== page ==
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Wines in the press - September 16-19

Published:  19 September, 2011

The Guardian

Unless you're a devotee of the classic martini, you may not have given vermouth a second thought - but this underrated drink deserves respect in its own right, says Fiona Beckett.

After a asting with Jared Brown and Anistatia Miller, whose book, The Mixellany Guide To Vermouth & Other Apéritifs, is out this month, Beckett puts forward several recommendations. Vermouth, like sherry, is a fortified wine, but one flavoured with herbs and spices. There are sweet versions such as the Martini Rosso (£10-11), which is a key component of a Manhattan, and dry ones such as Noilly Prat (£8.99, Sainsbury's, Waitrose; 18%), which is still most bartenders' choice for a martini. Two aperitifs to drink on their own are Lillet Blanc (£16.90 Nicolas) and the "delicate, floral" Chambéry, (£6.50 The Wine Society) which makes a great alternative to a glass of white wine.

The Telegraph

There is an art to choosing wine in a restaurant - or in a pub, says Victoria Moore. Her first strategy is the delaying tactic which is to start "with a glass of something cold" in order to buy time for a proper look at the wine list. Matthew Jukes, the wine buyer for Bibendum Restaurant & Oyster Bar has the best advice on dealing with the unwieldy lists, she says, and that is to start at the back, as the New World section is usually shorter. For French wine Jukes veers first towards Beaujolais and the Loire on the grounds that even the best producers will often cost less than an average wine from elsewhere. Moore goes further to say never choose Sancerre or Pouilly Fumé, for better-value choose a Touraine Sauvignon, or an unfashionable white Bordeaux.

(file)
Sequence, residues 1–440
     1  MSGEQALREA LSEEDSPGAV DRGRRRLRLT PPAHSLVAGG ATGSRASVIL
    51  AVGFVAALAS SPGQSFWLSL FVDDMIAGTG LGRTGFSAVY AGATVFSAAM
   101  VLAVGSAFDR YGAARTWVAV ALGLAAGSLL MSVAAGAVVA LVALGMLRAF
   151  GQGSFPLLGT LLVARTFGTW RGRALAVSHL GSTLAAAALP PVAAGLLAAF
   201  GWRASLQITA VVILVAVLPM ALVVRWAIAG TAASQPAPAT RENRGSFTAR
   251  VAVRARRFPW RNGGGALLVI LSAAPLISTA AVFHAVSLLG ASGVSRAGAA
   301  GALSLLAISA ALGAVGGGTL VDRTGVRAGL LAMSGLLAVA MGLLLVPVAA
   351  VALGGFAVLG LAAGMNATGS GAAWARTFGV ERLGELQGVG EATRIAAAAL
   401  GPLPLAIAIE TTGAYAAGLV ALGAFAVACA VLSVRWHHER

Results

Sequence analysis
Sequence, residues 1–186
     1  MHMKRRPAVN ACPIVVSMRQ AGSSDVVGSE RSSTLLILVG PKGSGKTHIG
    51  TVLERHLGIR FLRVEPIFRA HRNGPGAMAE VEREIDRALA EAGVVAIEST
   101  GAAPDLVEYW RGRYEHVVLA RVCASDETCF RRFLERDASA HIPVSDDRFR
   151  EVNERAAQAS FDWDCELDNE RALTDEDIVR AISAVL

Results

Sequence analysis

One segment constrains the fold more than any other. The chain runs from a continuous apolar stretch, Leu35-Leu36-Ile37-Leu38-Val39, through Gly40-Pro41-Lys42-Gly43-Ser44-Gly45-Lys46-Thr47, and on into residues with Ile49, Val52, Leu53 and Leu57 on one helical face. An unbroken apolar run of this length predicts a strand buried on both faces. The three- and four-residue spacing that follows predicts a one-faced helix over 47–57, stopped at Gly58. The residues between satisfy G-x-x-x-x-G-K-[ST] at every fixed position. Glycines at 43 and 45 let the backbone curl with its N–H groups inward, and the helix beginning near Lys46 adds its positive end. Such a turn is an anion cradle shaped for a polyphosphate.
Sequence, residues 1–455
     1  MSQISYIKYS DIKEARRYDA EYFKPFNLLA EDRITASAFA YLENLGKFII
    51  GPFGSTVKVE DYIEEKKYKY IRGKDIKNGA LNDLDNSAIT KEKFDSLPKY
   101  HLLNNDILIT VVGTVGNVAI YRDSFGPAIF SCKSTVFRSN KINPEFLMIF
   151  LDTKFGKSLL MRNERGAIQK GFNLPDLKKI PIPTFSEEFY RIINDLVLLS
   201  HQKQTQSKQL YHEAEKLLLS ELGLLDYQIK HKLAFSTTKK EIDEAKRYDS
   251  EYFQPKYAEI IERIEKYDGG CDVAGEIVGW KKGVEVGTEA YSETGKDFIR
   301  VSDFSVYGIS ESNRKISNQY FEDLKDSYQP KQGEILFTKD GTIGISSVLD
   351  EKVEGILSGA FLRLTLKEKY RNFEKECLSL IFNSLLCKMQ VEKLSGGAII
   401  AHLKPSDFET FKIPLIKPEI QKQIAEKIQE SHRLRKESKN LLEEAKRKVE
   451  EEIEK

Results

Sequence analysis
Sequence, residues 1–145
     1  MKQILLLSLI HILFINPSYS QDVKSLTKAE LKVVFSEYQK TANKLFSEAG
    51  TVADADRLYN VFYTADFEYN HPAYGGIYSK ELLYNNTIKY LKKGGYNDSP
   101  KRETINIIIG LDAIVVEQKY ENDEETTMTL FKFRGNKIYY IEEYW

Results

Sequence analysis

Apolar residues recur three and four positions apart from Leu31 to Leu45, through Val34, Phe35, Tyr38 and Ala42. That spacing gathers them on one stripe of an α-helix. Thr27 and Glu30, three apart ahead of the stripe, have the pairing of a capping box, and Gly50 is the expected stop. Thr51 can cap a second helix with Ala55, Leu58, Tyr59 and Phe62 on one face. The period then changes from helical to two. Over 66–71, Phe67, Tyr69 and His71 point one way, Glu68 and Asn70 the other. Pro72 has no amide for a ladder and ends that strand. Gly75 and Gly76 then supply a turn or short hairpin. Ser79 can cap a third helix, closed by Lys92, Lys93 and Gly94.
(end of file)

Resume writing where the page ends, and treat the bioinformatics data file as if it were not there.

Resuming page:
The Independent

Is selling wine a business or a passion? Asks Anthony Rose. There is a yawning chasm between wine merchants for whom wine is a labour of love and those going through the motions to keep the shareholders happy. It's a shame for anyone without a local Waitrose, Marks & Spencer apart, there's no competition for its value, breadth and quality. It is the closest we have to a wine merchant with attitude, he says. As far as independent wine merchants go, any wine lover lucky enough to live close to Tanners of Shrewsbury, D Byrne, Noel Young, Secret Cellar, Stone, Vine & Sun or WoodWinters is probably well aware of their virtues already, and specialist Guildford-based Les Caves de Pyrène is taking crusading zeal for wine to new levels.

Financial Times

Former marine, Rutger de Vink, who spent three years in high-tech ("with a tie on - I was miserable"), now lives silver Airstream camper in a wood on the edge of his 16 acres of vines overlooking the Blue Ridge Mountains in Virginia, says Jancis Robison MW. De Vink decided to make vine-growing his life in 2000, and took a serious look at California's Sonoma Coast. "But I wanted to be where it hadn't been done before." The first samples, from vines just three years old, so intrigued the Médoc's famous oenologist Eric Boissenot, that he volunteered to become a consultant for RdV Vineyards. De Vink planted 40% Cabernet Sauvignon, 40% Merlot, 12% Petit Verdot and a little Cabernet Franc. "It can be a struggle to ripen Cabernet Sauvignon in Virginia," he admits. But he clearly has his sights set on making a Virginia first growth, says Robinson. There are many attractive wines made in Virginia, but what marks de Vink's wines out is their density, without heaviness or marked alcohol, she adds.

The Mail

Olly Smith says he's going to shake things up. White wine often pairs better with a cheeseboard than red, he claims. He knows that most people adore a glass of red with their cheese, but when you consider the massive range of textures and tastes from blue to Brie, sometimes reds can dominate where white wines allow a broader range of flavours to flourish, he adds. Generally speaking you want a similar weight of texture in your wine and food. To start try torn chunks of Mozzarella with a glass of chilled Prosecco.
At the other end of the flavours spectrum, a chilled glass of Tawny Port paired with crumbly Stilton is "divine". With creamy cheeses such as Brie, Smith is a fan of white Chardonnay from France's Burgundy such as Domaine Jean-Jacques Girard Les Belles Filles 2009 Pernand-Vergelesses (£16.99 Waitrose).